Improved surveillance, takedown of opposition websites for “illegal content” and paid pro-government commentators are among the increasingly sophisticated tools used by authorities to restrict internet freedom, a new report claims.
The 2013 Freedom on the Net report, compiled by
non-profit Freedom House, says that 34 out of the 60 countries it
surveyed suffered a falloff in internet freedom over the past
Iran, Cuba, China and Syria were ranked as countries with the greatest restrictions. China, which blocks millions of websites and employs thousands-strong armies of censors, “led the way in expanding an elaborate technological apparatus for system internet censorship, while further increasing offline coercion and arrests to deter freedom of expression online.”
Iceland, Estonia and Germany took the podium places in the ranking, followed by the United States.
Nonetheless, the US was castigated for a “troubling decline” in internet freedom, largely as a result of wide-ranging surveillance practices revealed through Edward Snowden’s NSA leaks.
“Critics have raised concern that the secret NSA programs may violate the 4th Amendment of the United States Constitution, which protects people inside the US (citizens and non-citizens alike) from unreasonable search and seizure, as well as human rights enshrined in international agreements,” stated the report.
In 35 of the 60 countries examined, the government has “either obtained more sophisticated surveillance technology, increased the scope of people monitored, or passed a new law giving it greater monitoring authority.”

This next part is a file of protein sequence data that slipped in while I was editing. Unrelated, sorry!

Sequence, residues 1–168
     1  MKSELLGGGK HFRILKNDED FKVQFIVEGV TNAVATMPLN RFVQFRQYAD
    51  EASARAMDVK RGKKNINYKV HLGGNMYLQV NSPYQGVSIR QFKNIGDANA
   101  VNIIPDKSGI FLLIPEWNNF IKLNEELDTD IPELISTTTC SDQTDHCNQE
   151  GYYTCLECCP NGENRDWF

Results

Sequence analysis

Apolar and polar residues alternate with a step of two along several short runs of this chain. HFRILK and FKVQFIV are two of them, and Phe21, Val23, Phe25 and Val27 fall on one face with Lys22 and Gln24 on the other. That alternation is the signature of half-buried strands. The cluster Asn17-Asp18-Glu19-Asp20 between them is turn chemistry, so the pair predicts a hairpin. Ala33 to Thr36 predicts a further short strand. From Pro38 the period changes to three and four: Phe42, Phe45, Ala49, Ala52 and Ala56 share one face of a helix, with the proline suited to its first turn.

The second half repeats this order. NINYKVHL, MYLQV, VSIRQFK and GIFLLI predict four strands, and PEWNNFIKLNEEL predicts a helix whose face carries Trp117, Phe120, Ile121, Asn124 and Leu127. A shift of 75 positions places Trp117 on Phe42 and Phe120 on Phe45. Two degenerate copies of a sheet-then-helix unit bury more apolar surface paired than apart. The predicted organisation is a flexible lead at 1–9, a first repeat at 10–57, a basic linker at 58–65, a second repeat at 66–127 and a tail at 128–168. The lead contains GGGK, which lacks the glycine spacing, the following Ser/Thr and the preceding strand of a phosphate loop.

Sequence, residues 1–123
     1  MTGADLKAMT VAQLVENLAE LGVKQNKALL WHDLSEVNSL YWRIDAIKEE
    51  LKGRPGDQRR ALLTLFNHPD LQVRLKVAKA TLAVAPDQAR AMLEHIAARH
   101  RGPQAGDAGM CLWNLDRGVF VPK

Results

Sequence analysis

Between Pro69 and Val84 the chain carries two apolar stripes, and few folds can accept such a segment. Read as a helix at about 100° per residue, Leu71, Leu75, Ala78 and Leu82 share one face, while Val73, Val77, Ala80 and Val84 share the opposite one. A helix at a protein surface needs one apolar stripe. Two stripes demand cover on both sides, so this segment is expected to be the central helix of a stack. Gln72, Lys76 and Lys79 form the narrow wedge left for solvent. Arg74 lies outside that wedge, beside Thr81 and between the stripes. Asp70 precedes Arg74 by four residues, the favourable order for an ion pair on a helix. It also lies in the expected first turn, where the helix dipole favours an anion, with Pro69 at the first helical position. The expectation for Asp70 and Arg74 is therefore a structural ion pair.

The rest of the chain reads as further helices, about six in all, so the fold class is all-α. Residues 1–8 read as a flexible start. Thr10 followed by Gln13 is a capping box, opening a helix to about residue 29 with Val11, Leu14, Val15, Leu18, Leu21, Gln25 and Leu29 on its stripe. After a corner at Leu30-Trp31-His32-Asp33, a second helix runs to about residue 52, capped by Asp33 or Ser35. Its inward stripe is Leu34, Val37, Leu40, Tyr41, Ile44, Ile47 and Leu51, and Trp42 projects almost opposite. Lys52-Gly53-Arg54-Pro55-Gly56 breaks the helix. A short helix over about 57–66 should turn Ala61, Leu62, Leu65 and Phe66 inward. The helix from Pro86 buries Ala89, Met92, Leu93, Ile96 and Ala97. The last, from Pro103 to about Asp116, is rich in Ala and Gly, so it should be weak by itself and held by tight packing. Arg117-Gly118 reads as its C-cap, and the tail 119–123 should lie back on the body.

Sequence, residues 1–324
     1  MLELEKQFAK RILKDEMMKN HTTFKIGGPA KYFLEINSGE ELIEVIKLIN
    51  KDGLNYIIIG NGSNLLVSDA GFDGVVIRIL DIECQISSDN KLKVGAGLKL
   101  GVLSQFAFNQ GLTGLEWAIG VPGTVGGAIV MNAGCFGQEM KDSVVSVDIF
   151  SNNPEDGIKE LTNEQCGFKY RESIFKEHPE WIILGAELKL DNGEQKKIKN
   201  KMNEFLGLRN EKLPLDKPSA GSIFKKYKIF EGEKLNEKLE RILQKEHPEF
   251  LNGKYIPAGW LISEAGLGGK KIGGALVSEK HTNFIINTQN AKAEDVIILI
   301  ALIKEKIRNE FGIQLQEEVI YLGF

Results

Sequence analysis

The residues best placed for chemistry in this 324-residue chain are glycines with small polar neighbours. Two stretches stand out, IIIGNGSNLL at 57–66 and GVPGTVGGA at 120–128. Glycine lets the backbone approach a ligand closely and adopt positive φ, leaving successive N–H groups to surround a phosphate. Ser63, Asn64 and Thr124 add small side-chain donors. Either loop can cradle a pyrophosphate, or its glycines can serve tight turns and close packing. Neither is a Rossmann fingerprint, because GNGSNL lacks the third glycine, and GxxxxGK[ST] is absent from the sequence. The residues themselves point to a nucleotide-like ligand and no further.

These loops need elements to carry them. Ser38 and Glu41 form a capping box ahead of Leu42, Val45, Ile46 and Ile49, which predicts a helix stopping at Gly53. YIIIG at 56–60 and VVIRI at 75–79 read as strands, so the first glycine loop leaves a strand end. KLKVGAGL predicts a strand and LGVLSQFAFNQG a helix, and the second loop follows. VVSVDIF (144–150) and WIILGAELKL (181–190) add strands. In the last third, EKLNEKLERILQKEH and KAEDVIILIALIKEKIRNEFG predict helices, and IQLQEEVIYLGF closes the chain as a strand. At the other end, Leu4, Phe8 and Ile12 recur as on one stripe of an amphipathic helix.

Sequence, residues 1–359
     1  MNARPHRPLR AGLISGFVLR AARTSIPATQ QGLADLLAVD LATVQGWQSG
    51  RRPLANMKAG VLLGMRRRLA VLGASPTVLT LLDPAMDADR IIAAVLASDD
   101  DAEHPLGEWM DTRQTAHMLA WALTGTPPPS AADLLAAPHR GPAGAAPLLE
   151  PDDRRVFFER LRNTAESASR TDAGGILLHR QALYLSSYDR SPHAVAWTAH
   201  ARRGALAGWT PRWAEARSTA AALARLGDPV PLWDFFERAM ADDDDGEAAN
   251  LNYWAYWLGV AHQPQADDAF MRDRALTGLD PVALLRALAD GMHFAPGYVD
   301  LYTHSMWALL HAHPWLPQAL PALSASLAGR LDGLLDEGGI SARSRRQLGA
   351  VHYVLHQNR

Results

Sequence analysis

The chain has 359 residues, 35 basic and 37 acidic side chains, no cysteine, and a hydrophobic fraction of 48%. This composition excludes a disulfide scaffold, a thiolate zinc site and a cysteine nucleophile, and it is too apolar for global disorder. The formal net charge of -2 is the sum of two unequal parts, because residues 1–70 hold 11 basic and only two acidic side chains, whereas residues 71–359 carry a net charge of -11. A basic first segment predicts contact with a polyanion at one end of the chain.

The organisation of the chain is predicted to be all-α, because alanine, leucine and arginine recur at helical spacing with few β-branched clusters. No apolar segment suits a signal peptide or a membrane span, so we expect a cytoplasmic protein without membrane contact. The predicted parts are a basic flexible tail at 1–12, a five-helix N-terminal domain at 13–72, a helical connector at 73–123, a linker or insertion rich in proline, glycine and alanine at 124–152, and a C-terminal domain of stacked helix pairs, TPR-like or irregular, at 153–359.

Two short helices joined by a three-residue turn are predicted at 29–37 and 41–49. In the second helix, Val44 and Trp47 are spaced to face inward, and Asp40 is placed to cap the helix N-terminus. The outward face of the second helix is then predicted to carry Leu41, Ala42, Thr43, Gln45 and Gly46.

The authors also suspect that surveillance may have increased in
other countries which are simply “better at covering their
Many countries are also moving from technological to legal solutions in their battle against freedom of expression.
“While blocking and filtering remain the preferred methods of censorship in many countries, governments are increasingly looking at who is saying what online, and finding ways to punish them,” said Sanja Kelly, project director for Freedom on the Net at Freedom House.
“In some countries, a user can get arrested for simply posting on Facebook or for “liking” a friend’s comment that is critical of the authorities,” she added.
The report says that in 26 countries, people were arrested for posting “socially-relevant statements on social-media sites.”
Russia - which is otherwise placed in the middle of the ranking - is singled out as an “important incubator” of indirect methods of repression which are then adopted by other countries, particularly former Soviet republics.
Among the authorities’ actions is the passing of a “broadly-worded” internet ‘blacklist’ law last year that allows prosecutors to order websites offline without judicial evidence. While the law is theoretically intended to block illegal content – such as child pornography – the authors say that it has been used against opposition websites and blogs.
The government is also accused of using proxy groups, which receive public funds, “to widely engage in all kinds of digital activities, including paying commentators to post content, disseminating DDoS attacks (cyber attacks), and hijacking blog ratings.”
While the practice of paying commentators is said to have been pioneered in China and Russia, the report says that it is now being adopted in at least 22 countries on its list, such as Malaysia and Belarus.
On the whole, the tone of the report is of overwhelming concern, but in sixteen countries the situation has improved.
One major positive trend has also emerged – the rise of online activism, designed to protest laws that adversely affect the internet, or society as a whole. The report says that 11 countries – including the Philippines and Mexico – were able to repeal or soften freedom-restricting laws as a result of online campaigns.
“There is a rising public consciousness about internet freedom and freedom of expression issues. Citizens’ groups are able to more rapidly disseminate information about negative proposals and put pressure on the government,” wrote the authors.
“In addition, information technologies have started to play an important role in advocacy for positive change on other policy topics, from corruption to women’s rights.”